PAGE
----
Like most speakers, Wilbert Rideau began by telling the audience at the Skirball Cultural Center that he was glad to be there.
But, Rideau, who spent 44 years in Louisiana State Pententiary, added, “No one has ever meant it more than I do.”
Rideau, author of In the Place of Justice: A Story of Punishment and Deliverance, talked about his time running the country’s only uncensored prisoner-run publication, and explained why lifting censorship is the single most important prison reform.
Prison is hell
“Prison is hell, if by hell we mean a place of discord, brutality, and chaos, of always wanting and never having,” Rideau said, quickly adding, “Of course, it’s not meant to be a picnic.”
Rideau was sent to Angola after being convicted of murder and sentenced to death. “I did something very stupid,” Rideau said. “I thought I could solve all my problems in life by robbing a bank. It was the dumbest thing in my life, the darkest moment of my life, one which I will never stop regretting because somebody died.” Rideau, who had dropped out of school in 8th grade, ended up facing an all-white jury with a pair of real estate lawyers who didn’t call any witnesses on his behalf or make a case. Rideau spent most of his life in Angola prison, long known as the most brutal maximum security prison in the country.
“It was a jungle in which the weak either perished or served the strong,” Rideau said. Rape and sexual enslavement were common and “enslavement brought a kind of order to the chaos.” Death happened with the tacit consent of the prison administration. At some point the consent was more than implied – prison authorities once gave guns to a few prisoners, all convicted murderers, and granted them the authority to shoot to kill, Rideau said. “Inmate-on-inmate violence was institutionalized.” From 1972 to 1975, he said, 67 inmates were stabbed to death while hundreds suffered wounds.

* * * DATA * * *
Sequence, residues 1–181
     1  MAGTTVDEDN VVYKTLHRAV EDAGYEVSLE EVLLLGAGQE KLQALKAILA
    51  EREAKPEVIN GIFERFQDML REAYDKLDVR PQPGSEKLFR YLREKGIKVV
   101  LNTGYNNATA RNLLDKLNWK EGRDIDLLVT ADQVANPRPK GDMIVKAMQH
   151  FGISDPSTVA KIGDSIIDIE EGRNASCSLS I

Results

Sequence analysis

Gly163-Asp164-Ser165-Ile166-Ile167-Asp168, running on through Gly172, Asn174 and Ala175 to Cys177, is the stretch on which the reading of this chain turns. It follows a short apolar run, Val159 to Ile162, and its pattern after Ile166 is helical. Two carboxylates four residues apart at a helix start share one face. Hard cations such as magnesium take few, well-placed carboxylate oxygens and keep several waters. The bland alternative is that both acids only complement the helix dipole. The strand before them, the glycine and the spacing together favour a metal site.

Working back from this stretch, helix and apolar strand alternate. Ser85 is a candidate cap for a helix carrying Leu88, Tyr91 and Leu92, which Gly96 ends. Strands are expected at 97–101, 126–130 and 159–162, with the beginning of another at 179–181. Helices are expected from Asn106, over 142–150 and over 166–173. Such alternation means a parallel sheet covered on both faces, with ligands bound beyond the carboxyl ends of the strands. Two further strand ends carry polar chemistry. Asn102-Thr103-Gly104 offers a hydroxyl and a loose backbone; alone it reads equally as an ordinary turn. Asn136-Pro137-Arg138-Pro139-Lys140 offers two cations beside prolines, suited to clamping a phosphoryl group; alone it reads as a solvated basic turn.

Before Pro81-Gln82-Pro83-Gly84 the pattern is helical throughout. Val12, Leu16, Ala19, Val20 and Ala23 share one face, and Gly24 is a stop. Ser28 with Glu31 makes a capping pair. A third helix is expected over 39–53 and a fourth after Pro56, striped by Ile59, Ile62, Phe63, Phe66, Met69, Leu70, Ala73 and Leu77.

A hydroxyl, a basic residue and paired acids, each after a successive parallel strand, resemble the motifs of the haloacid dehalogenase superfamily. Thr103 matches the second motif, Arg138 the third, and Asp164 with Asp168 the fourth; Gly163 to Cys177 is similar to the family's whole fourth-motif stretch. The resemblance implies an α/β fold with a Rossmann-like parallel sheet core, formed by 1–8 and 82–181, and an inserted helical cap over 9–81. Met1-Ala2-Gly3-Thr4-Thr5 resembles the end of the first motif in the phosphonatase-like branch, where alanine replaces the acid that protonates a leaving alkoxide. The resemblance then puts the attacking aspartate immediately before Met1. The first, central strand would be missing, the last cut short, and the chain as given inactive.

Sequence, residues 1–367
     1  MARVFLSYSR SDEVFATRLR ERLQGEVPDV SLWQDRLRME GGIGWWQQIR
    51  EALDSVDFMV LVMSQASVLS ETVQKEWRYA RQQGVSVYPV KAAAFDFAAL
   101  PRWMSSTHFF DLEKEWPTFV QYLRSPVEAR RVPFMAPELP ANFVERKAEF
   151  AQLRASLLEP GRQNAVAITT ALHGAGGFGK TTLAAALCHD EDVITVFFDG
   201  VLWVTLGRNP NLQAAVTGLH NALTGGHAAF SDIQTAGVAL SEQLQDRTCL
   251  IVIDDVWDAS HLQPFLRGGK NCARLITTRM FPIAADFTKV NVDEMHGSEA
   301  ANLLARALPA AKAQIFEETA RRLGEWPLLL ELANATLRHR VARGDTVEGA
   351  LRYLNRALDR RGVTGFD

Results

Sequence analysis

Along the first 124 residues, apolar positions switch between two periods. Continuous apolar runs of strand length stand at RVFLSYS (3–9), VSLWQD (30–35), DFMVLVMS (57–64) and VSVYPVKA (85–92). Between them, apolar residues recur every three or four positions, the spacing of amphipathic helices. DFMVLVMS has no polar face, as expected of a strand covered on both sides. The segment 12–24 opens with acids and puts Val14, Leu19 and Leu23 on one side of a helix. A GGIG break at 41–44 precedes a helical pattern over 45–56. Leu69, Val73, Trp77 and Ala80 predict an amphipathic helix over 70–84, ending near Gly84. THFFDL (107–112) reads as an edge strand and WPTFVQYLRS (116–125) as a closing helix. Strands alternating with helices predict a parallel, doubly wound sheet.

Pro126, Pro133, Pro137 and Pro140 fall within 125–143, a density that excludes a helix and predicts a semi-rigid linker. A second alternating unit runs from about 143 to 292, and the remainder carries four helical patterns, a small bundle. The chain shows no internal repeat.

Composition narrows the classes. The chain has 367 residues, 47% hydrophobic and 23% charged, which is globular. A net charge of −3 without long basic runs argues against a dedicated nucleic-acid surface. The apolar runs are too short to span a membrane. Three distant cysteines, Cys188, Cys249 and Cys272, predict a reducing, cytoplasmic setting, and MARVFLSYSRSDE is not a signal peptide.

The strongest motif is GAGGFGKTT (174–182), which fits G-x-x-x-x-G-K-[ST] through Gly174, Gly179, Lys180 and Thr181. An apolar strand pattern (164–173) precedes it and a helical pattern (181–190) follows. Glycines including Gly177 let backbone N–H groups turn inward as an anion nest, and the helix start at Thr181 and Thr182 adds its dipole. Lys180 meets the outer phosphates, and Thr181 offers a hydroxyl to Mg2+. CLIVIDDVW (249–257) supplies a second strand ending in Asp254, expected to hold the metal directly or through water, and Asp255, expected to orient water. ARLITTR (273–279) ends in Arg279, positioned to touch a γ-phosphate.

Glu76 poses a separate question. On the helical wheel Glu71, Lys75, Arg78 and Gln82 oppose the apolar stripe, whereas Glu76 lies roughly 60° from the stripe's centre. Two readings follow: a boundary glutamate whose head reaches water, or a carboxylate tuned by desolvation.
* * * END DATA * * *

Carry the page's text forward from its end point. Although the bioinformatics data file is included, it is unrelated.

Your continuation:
Though Angola has improved today, Rideau said, prison authorities across the country still fail to protect America’s two million inmates from abuse, rape and violence. The reason for this, Rideau argued, is secrecy – the lack of freedom for inmates and staff to talk about what’s going on in prison to those outside prison. “Our nation’s penal institutions are cloaked by official censorship,” he said. The usual justification for secrecy in prisons is security, though Rideau argued that there is no evidence that open expression makes prisons less secure.
For 20 years, while Rideau was at Angola, the prison lifted its censorship rules. Prisoners were allowed confidential mail communication with members of the mainstream press and government agencies, allowing any inmate to blow the whistle on abuse or wrongdoing without fear of reprisal. One prisoner, Rideau recalled, shut down a business that forced inmates to scrub rust off outdated cans of tomatoes headed to grocery stores. Any of Angola’s 5,000 prisoners or 2,000 employees could report such problems. It was, Rideau said, “what today might be called an oversight commission.”